A legal brief submitted by an attorney representing The Motion Picture Association of America states that intellectual-property holders should have the right to collect up to $150,000 per violation without having to actually prove copyright infringement, Wired reports. The MPAA attorney, who seems to feel very inconvenienced by the whole “due process” thing writes, “It is often very difficult, and in some cases, impossible, to provide such direct proof when confronting modern forms of copyright infringement, whether over P2P networks or otherwise; understandably, copyright infringers typically do not keep records of infringement.” Details, inside…
This document is among other briefs submitted to a judge overseeing the Jammie Thomas trial, the only RIAA case ever to go to trial. Thomas was sued by the RIAA for $222,000 for “making available” 24 songs on the Kazaa network. At the time, Judge Davis instructed jurors that they only needed to find that Thomas had an open share folder and not that the songs were actually copied or transferred. However, the judge has since suggested that he made have made a mistake in giving this instruction and is deciding whether to order a mistrial.
The article says,
The deadline to submit briefs to the judge was Friday. Among the briefs, the Electronic Frontier Foundation, Public Knowledge, the United States Internet Industry Association and the Computer and Communications Industry Association all jointly filed a brief, saying the law did not allow damages for “attempted” copyright infringement.
“Given the serious consequences that flow from copyright’s strict liability regime, the court should resist plaintiffs imprecations to expand that regime absent an unequivocal expression of Congressional intent,” the groups wrote, noting that the language in the Copyright Act demands actual distribution to the public of protected works.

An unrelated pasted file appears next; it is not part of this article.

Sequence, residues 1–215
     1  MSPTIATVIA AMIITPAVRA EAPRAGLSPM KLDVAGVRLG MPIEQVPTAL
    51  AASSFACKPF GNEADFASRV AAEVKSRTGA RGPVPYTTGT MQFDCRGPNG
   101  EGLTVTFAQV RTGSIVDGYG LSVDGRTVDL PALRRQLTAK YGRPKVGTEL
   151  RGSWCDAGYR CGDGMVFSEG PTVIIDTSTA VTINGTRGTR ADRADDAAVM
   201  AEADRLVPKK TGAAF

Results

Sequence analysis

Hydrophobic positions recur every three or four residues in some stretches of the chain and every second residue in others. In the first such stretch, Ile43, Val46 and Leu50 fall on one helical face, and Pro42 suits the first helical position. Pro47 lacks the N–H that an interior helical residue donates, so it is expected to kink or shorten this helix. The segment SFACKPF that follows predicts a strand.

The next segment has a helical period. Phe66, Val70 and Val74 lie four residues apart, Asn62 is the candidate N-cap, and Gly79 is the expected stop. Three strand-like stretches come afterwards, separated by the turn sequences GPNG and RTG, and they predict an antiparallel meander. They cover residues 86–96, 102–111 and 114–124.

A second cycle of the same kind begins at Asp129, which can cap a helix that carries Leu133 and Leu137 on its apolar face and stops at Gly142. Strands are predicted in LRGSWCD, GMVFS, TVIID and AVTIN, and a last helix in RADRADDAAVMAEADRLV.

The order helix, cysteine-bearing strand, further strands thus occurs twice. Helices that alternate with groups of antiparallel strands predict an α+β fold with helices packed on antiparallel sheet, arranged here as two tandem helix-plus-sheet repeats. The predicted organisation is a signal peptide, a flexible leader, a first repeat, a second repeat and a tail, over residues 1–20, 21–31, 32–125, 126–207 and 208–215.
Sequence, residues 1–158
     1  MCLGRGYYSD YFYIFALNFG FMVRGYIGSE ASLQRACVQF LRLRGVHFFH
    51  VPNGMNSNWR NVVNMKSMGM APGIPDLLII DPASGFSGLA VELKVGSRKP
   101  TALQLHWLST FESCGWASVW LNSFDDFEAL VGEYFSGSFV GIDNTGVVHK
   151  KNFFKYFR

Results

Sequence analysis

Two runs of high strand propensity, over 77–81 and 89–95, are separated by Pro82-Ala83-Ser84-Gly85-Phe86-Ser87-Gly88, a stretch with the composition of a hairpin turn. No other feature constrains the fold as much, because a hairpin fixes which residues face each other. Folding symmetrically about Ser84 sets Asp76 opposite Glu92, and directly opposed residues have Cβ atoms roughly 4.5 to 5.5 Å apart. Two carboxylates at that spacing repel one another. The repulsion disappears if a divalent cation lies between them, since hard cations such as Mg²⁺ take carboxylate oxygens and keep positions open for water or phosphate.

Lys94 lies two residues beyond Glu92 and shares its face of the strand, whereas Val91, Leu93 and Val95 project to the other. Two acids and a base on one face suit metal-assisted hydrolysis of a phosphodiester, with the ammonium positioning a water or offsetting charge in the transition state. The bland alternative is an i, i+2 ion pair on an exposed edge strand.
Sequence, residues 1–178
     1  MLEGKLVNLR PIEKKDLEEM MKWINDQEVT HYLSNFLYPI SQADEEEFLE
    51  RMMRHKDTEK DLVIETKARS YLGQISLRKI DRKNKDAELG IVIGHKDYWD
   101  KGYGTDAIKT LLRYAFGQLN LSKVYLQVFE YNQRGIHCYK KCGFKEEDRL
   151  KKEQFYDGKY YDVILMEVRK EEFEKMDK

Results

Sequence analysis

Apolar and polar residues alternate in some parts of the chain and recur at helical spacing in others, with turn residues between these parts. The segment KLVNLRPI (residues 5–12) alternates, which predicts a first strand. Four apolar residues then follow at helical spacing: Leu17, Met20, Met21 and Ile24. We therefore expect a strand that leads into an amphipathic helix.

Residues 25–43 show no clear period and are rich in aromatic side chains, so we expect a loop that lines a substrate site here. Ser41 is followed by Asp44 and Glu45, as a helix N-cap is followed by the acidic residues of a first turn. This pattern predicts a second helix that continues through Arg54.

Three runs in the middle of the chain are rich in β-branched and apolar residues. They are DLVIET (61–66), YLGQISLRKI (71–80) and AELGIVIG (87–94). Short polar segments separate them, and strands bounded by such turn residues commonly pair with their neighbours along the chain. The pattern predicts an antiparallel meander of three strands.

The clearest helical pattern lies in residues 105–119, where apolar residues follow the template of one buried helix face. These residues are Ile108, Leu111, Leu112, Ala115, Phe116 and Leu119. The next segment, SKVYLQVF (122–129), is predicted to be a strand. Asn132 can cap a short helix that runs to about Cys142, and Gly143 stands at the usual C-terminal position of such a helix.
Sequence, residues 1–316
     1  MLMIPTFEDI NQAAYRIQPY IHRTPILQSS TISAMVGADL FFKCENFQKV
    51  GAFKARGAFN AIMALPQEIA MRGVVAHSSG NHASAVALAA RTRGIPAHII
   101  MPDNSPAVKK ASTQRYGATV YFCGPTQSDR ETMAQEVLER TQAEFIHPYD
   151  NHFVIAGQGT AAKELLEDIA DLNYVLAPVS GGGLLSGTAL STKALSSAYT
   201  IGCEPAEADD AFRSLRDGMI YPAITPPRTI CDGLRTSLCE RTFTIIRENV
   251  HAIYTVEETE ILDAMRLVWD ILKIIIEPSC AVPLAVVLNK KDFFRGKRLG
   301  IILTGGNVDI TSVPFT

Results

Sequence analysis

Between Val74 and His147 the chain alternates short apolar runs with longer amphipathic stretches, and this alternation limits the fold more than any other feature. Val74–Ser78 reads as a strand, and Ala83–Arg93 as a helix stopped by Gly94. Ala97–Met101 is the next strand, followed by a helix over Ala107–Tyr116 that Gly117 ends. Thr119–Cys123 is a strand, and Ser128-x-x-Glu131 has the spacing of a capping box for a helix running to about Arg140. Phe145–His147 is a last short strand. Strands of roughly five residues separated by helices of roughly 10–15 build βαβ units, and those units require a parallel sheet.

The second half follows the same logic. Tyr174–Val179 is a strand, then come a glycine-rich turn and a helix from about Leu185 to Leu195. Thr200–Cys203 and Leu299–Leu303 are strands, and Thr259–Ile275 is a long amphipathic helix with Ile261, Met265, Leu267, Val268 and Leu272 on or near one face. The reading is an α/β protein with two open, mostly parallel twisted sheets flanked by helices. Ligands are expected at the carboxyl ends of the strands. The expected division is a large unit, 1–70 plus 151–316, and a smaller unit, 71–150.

It was a similar brief in tone to the one that a group of 10 intellectual property scholars lodged earlier in the week.
But the MPAA, long an ally to the RIAA, which has sued more than 20,000 individuals for file sharing of copyrighted music, told Judge Davis that peer-to-peer users automatically should be liable for infringement.
“The only purpose for placing copyrighted works in the shared folder is, of course, to ‘share,’ by making those works available to countless other P2P networks,” the MPAA wrote.
It is absurd that lawyers, of all people, believe we should live in a society where clear and concrete proof needn’t be necessary to establish one’s guilt. Proving cases of copyright infringement is far from impossible. It is only a matter of spending the proper amount of time and money to do so.